Last week I finally made it down to The Broad. I lucked out because some friends had an extra ticket and invited me along. I really recommend making a reservation. The lines for visitors who don’t have one are still super long.
I got there a little early and spent some time just checking out the building’s exterior. It’s gorgeous. The two design firms that worked on the project, Diller Scofidio + Rensler and Gensler, worked from a concept they call “vault and veil”. The vault is where the museum stores its collection, and instead of trying to hide it, which is the standard approach, they allowed the structure of the vault to play a major role in shaping the space. The veil is the building’s outer layer, a porous sheath that lets natural light filter into the galleries.
Looking at the works in Broad’s collection, it’s clear that the guy’s got a keen eye and an open mind. Unlike the super rich predators who’ve crowded into the art market looking for status symbols and investment opportunities, Broad is passionately interested in the ways that artists express themselves and interact with the world around them. Wandering through the galleries, I was struck by the depth and diversity of the works on view, but I was even more impressed by how engaging this innaugural show is. It can be tough just getting the general public to take a look at contemporary art. Believe it or not, some people don’t get excited about looking at massive hunks of sheet metal or walking into galleries filled with rotting vegetables. But the wide variety of pieces in this first show offer a range of experiences, and there’s something for everybody. If you’re an art scenester looking for challenging conceptual stuff, Mark Bradford takes over a wall to talk about post-Katrina economic realities in New Orleans. And if you’re a teen-age pop culture freak, you’ll probably want to whip out your phone and snap a few shots of Takashi Murakami’s giant psychedelic mushrooms. With works on display by Kara Walker, Joseph Beuys, Susan Rothenberg, Chris Burden, Ed Ruscha, Yayoi Kusama, Mark Tansey, Cady Noland and dozens of others, you’re sure to find something that will grab your attention.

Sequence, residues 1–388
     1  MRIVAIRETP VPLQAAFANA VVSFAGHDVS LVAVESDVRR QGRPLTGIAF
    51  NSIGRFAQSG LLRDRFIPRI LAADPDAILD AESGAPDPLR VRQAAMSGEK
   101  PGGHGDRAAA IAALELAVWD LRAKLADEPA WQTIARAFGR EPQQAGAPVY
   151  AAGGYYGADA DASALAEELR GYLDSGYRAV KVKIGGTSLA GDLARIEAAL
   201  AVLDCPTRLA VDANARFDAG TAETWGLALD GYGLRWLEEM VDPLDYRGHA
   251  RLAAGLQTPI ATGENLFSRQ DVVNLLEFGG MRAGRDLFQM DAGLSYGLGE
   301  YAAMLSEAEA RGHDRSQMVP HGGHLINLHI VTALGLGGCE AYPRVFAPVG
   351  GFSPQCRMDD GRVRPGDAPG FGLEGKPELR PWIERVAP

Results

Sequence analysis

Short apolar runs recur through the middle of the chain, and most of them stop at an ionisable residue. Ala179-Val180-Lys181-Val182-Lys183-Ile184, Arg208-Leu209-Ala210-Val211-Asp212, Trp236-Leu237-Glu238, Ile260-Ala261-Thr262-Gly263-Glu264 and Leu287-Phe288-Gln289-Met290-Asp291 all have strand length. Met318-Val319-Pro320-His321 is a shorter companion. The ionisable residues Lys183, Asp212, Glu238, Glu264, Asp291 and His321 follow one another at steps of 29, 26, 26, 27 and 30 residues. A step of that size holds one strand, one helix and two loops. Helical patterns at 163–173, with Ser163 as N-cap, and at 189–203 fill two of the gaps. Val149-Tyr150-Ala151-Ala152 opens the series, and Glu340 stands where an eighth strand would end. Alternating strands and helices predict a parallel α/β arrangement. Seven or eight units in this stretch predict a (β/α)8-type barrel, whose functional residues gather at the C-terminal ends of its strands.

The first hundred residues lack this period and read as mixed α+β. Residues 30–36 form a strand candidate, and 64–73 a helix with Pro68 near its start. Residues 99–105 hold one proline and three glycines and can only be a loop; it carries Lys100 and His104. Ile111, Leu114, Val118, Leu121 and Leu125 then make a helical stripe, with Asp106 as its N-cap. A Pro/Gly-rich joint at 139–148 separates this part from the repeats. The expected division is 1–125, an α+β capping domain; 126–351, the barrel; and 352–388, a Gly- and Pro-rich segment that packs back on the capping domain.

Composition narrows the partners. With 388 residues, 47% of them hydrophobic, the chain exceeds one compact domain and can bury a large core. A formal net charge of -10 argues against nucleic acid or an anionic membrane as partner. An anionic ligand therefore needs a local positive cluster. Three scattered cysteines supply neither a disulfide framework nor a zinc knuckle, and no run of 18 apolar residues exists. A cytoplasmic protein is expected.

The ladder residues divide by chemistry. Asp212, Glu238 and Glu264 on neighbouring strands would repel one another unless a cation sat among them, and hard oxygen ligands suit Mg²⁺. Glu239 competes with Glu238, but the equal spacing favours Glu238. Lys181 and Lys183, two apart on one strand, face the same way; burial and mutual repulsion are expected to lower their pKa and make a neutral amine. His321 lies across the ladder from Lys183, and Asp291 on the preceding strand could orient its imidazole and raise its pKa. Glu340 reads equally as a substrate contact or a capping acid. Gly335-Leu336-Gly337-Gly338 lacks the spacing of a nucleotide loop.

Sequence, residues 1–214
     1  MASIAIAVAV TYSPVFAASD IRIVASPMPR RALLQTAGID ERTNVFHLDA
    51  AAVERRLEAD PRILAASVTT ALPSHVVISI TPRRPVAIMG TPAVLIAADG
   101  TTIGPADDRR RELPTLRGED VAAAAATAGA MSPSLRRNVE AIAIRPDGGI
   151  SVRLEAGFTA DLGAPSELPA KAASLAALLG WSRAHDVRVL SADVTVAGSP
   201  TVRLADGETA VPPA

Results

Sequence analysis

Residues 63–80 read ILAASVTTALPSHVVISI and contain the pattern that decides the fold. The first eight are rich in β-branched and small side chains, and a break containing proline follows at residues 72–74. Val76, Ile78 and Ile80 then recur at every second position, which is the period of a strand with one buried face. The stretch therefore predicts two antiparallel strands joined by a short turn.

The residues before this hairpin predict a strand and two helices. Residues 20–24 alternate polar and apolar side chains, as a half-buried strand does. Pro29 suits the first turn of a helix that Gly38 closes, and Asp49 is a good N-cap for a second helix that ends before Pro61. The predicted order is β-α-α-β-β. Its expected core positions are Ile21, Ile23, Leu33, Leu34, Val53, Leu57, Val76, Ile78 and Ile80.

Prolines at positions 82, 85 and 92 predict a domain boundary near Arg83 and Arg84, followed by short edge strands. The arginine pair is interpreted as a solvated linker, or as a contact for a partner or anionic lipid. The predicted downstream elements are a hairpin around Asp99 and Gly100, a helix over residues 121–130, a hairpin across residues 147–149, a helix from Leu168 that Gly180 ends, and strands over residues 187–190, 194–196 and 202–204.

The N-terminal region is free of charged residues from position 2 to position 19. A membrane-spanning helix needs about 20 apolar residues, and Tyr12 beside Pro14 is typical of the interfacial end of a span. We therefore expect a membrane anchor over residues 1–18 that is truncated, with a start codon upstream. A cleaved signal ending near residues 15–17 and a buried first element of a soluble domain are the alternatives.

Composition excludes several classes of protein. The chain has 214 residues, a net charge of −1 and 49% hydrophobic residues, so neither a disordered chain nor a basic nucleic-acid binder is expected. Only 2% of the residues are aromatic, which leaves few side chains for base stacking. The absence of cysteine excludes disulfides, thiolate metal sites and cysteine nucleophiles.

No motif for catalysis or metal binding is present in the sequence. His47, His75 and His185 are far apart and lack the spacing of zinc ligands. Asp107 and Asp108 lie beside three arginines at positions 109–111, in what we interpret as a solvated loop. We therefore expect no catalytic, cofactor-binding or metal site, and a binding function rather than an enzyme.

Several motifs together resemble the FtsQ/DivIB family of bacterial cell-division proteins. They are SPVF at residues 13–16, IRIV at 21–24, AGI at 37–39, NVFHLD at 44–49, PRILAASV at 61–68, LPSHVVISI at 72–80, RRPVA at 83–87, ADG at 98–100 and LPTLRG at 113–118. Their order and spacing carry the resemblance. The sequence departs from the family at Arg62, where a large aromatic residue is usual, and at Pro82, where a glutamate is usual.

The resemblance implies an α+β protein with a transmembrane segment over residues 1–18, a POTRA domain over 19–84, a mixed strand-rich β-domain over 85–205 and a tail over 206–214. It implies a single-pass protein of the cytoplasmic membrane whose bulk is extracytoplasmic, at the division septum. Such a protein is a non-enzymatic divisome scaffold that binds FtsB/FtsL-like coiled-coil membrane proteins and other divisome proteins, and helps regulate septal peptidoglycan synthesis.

I’m really grateful to Eli Broad for pulling this whole thing together. Aside from the thrill of seeing so much amazing art gathered together in one place, I was excited to see crowds of visitors milling through the galleries. And these people weren’t just passively strolling from one room to the next. They were posing with the art, laughing at the art, and talking about the art. This really is a museum for the people.
If you haven’t gone yet, what are you waiting for?